Finally, I was surprised how many times Greene critiqued the size and placement of the artist's signature...just further evidence of how he considered every single part of a painting, from start to finish, as very important and worth the artist's uppermost attention.

Jack Richeson $ Co., Inc. Award
Gavin Glakas - "Dusk" - 21"x 21" - Oil

Merit Award (Landscape)
Cecy Turner - "Palo Duro Overlook" - 20"x 30" - Oil

I was pleased to see my friend, Cecy Turner, win such a prestigious award.

Here's my new friend, Cuong Nguyen, with his painting. He is from Vietnam, now living in California. He absolutely loves being in America. He came here with nothing and is now an award winning artist.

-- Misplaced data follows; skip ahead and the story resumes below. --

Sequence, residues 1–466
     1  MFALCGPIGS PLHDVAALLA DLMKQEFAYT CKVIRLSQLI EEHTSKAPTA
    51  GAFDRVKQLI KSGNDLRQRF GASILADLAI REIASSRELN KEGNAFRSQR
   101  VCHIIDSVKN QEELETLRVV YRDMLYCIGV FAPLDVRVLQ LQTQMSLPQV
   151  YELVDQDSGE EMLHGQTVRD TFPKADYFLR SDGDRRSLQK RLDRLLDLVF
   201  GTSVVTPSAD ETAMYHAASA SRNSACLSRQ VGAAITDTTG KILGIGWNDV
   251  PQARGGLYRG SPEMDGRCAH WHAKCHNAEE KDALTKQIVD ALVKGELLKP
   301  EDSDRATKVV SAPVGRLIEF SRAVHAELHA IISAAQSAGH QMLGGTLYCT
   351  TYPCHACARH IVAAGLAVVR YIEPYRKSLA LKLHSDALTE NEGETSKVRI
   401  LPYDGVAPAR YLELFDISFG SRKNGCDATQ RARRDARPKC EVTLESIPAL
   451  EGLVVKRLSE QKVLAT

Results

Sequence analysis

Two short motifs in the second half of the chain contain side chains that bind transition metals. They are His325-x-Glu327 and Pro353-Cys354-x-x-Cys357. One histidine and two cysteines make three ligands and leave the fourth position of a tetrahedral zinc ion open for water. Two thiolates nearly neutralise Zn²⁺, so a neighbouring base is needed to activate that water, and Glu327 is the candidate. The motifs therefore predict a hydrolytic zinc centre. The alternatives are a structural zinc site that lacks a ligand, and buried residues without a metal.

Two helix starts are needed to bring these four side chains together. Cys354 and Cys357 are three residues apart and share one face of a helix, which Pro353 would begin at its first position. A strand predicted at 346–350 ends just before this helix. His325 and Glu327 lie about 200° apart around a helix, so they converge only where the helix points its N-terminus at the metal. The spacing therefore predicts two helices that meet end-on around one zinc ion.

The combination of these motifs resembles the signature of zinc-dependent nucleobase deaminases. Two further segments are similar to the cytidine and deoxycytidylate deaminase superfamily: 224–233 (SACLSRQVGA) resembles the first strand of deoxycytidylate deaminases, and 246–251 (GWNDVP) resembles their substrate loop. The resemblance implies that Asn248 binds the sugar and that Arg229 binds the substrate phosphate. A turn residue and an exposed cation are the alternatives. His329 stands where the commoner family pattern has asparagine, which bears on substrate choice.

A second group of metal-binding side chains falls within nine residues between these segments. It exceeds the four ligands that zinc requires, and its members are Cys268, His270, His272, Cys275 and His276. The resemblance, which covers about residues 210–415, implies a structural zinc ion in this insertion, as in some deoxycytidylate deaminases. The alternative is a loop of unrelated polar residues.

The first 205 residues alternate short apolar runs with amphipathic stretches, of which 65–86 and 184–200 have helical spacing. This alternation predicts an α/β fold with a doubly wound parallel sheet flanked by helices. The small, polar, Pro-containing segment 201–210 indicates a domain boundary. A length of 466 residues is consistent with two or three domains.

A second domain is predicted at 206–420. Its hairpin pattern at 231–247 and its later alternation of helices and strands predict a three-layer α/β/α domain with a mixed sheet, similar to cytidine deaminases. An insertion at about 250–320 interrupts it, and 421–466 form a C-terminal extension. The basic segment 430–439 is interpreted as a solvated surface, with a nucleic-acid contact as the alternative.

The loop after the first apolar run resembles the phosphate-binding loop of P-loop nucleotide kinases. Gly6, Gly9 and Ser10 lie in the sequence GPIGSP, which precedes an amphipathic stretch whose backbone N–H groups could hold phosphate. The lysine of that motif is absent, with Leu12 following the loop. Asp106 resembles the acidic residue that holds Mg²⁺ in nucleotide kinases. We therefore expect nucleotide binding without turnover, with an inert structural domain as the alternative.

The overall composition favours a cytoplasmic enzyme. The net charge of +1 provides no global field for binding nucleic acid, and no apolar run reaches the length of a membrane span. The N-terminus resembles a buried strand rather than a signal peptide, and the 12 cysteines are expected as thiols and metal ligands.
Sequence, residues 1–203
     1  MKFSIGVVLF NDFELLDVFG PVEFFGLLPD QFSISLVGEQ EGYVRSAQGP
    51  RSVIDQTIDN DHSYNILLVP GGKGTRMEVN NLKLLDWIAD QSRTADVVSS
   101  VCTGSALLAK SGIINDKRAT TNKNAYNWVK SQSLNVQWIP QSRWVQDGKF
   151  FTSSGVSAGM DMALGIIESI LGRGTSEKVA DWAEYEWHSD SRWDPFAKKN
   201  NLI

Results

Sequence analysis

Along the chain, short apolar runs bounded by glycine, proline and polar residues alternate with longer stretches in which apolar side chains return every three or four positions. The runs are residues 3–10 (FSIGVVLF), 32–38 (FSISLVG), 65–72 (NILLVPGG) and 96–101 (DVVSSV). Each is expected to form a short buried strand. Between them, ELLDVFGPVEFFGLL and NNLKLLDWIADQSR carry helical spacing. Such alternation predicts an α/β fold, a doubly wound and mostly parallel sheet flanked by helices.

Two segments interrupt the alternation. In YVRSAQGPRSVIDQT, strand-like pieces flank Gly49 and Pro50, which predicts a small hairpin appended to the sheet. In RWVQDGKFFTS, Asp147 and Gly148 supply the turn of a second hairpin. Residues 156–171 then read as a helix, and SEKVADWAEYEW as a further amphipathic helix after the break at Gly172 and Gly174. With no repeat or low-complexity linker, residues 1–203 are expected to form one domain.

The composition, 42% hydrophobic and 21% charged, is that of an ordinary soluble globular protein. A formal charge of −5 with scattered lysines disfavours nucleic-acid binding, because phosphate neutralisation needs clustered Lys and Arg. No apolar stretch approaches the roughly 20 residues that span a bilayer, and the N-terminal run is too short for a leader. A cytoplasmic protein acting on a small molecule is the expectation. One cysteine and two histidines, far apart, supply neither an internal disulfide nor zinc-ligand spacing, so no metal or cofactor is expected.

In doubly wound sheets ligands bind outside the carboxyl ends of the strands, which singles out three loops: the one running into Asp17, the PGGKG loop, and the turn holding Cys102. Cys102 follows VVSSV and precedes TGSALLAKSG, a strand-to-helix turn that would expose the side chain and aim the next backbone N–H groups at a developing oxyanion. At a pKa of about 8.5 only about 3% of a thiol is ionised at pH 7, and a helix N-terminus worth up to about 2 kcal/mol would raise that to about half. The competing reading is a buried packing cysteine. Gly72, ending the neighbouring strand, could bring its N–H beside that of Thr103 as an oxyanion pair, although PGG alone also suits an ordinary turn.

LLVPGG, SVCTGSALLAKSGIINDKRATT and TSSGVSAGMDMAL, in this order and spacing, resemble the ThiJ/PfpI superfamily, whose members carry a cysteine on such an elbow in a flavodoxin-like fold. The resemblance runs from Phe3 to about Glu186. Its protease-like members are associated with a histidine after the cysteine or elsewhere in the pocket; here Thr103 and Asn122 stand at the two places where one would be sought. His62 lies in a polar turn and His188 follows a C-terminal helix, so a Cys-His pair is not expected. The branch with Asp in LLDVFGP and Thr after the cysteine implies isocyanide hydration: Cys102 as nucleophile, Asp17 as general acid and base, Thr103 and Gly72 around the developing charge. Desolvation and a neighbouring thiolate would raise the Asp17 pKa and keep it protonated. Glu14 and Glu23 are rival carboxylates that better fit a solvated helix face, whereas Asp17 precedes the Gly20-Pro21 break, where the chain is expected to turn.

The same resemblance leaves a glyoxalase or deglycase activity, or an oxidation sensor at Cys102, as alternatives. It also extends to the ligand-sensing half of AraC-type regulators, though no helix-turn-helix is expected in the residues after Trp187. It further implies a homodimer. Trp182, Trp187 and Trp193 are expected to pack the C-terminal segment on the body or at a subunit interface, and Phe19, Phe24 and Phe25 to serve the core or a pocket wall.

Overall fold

Southwest Art Magazine Award
Cuong Nguyen - "Michael" - 30"x 24" - Oil

Merit Award (Figurative/Narrative)
Clement Kwan - "Square Dancing" - 24"x 20" - Oil

There were so many paintings in the show worthy of awards. It was just incredible to see the quality of the work. When I learned Daniel Greene made all this selections in just a few hours, I couldn't believe it. I would have found this job almost impossible...selecting a handful of paintings from a total of 415 works in such a short time...Wow!
Several times during the announcement of awards on Friday night, Mr. Greene said he would have been happy to have painted this or that painting. I do think a lot of his selections were compatible with subjects he would personally paint...but hey, he was the judge...and deservedly so.